The start of the school year boosts business in Blo-No

Local News

NORMAL, Ill. — As summer winds down, more than 5,000 students at Illinois State University are moving back to Bloomington-Normal.

The return of students means businesses, gas stations, and more are booming in the Twin Cities.

“There’s definitely been a noticeable difference since students have been getting back into town,” said Allen Van Luvender, an employee at Windy City Wieners.

For restaurant and shop workers, more students in town means more business.

“I think there’s definitely a big boost, just because I know like, on the weekends people are going out and stuff, and coming to Uptown and just hanging out,” Elyse Scheider, an ice cream scooper at Emack & Bolio’s.

On Monday, classes will start for students at ISU. Many students and their families could be seen walking through Uptown Normal on Sunday afternoon.

“It’s been welcome week, so we’ve had more students coming in and then as people are moving into the dorms, we’ve had a lot of families coming as well,” said Emma Lizzio, a barista at The Coffeehouse.

The new rush with students in town is a stark contrast from the pace of summer nights.

“Over the summer, it was relatively slow most nights,” said Van Luvender.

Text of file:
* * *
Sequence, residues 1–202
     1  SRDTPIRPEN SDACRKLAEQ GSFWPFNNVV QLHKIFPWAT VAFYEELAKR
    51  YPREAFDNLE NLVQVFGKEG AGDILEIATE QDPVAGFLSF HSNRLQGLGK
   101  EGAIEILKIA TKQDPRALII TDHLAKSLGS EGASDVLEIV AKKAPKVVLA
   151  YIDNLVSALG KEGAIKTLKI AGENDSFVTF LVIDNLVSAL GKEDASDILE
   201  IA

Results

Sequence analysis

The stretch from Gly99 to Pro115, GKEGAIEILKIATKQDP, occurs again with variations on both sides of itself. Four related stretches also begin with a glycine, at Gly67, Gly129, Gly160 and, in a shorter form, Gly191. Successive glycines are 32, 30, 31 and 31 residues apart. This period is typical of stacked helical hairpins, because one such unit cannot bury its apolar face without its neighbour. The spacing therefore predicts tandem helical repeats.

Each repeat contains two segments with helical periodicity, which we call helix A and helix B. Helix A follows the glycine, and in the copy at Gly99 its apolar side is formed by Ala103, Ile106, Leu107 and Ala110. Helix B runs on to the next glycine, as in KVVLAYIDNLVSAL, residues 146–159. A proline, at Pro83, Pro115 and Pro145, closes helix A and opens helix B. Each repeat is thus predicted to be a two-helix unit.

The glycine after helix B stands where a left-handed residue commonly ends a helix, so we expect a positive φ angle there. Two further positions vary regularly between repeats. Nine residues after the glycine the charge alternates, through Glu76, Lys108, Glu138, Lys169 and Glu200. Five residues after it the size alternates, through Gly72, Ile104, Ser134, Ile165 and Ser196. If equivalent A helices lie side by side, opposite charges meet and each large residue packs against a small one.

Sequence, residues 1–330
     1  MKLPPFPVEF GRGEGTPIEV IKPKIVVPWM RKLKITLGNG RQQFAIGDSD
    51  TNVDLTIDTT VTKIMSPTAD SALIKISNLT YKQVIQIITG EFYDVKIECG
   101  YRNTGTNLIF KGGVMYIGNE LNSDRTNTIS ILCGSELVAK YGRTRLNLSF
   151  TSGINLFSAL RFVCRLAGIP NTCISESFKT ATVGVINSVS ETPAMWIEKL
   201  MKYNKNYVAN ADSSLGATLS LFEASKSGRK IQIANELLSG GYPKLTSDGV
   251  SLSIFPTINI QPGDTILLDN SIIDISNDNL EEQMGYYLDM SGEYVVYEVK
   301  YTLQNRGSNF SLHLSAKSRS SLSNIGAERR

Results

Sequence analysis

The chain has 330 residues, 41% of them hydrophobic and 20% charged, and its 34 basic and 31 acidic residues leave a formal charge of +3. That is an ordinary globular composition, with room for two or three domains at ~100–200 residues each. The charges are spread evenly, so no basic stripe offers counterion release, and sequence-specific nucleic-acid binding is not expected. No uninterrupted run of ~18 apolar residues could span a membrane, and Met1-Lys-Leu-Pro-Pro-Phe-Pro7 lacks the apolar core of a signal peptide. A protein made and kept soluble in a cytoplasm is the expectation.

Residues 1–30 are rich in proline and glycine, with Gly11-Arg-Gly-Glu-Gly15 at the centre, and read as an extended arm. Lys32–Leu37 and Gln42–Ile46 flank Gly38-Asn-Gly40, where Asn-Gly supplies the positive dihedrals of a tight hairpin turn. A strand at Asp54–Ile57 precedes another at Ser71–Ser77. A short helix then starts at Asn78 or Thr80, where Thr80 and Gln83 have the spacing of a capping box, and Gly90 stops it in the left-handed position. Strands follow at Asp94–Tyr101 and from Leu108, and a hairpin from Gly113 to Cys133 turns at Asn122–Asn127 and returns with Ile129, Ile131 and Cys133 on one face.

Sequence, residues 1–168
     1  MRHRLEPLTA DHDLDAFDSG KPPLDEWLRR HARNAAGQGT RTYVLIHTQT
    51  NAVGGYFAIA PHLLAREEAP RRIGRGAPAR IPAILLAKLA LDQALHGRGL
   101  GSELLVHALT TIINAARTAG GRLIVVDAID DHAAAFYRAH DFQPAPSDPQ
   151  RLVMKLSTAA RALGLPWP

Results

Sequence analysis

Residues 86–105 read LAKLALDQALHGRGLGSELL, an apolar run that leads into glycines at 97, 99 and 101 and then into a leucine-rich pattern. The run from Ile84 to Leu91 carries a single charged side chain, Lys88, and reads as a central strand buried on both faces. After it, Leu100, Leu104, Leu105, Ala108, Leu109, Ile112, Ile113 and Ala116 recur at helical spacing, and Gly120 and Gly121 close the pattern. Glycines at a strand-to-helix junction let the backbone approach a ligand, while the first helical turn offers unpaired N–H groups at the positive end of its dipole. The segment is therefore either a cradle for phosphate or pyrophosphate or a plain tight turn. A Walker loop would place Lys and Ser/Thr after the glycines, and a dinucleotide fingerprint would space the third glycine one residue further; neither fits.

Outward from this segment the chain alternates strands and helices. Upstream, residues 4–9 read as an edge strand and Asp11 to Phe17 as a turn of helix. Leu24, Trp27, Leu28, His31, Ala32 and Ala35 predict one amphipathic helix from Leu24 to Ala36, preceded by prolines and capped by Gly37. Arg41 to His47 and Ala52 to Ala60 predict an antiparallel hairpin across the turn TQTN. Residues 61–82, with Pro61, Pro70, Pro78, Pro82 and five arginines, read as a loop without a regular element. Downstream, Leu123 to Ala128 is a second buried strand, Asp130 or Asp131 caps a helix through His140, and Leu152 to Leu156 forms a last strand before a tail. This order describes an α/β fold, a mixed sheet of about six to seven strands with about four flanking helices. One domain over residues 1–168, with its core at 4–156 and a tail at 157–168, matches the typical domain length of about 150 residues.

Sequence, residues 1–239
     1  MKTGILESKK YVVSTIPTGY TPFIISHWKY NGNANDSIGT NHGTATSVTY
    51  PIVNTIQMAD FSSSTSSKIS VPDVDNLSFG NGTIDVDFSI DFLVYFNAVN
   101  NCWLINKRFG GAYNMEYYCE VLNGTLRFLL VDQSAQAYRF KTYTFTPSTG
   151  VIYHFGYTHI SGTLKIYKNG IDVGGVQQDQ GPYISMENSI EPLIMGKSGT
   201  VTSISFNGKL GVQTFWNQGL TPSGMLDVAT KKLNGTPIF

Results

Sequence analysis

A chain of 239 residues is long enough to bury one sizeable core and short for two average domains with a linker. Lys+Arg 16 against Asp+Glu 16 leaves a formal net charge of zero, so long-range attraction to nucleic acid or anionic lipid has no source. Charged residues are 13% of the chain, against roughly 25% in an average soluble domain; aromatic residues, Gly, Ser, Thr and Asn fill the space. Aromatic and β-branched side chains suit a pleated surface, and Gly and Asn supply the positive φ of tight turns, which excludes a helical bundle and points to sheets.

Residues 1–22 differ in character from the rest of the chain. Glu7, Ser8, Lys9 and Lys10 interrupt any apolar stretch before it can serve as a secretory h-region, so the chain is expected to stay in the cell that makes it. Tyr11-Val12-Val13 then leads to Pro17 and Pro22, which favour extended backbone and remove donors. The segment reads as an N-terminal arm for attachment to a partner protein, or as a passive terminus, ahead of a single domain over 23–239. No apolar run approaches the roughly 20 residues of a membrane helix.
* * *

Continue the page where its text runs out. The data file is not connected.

With students moving back to the area and starting classes, many businesses are even changing their hours and hiring new staff.

“We actually just hired a couple of people, so that’s been pretty helpful, getting more people kind of trained and ready for more rushes like that,” said Lizzio.

In a matter of just a few days, employees are already seeing a change.

“We never had it the way we had it this week. This week we would have lines out the door, we have tickets filling almost the entire rack that we use for them,” said Van Luvender.

Students and their families could be seen shopping and eating out, after a long day of moving in.

“A lot of them leave for the summer and then when you come back, of course you have like a flood of people just everywhere. And the businesses are going to get a boost from that,” said Dylan Taylor, a graduate student at ISU.

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